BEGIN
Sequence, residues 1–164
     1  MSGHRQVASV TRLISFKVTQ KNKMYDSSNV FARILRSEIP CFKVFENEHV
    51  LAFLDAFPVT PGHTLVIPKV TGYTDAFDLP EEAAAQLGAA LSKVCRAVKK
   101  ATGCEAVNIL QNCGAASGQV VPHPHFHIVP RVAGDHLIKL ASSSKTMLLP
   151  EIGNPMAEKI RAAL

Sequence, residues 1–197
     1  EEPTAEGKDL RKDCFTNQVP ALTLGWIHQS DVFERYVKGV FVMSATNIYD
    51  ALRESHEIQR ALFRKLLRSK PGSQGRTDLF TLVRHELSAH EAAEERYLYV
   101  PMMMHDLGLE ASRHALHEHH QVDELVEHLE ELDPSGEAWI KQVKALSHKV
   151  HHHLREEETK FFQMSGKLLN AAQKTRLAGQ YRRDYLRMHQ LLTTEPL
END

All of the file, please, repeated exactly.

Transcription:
Sequence, residues 1–164
     1  MSGHRQVASV TRLISFKVTQ KNKMYDSSNV FARILRSEIP CFKVFENEHV
    51  LAFLDAFPVT PGHTLVIPKV TGYTDAFDLP EEAAAQLGAA LSKVCRAVKK
   101  ATGCEAVNIL QNCGAASGQV VPHPHFHIVP RVAGDHLIKL ASSSKTMLLP
   151  EIGNPMAEKI RAAL

Sequence, residues 1–197
     1  EEPTAEGKDL RKDCFTNQVP ALTLGWIHQS DVFERYVKGV FVMSATNIYD
    51  ALRESHEIQR ALFRKLLRSK PGSQGRTDLF TLVRHELSAH EAAEERYLYV
   101  PMMMHDLGLE ASRHALHEHH QVDELVEHLE ELDPSGEAWI KQVKALSHKV
   151  HHHLREEETK FFQMSGKLLN AAQKTRLAGQ YRRDYLRMHQ LLTTEPL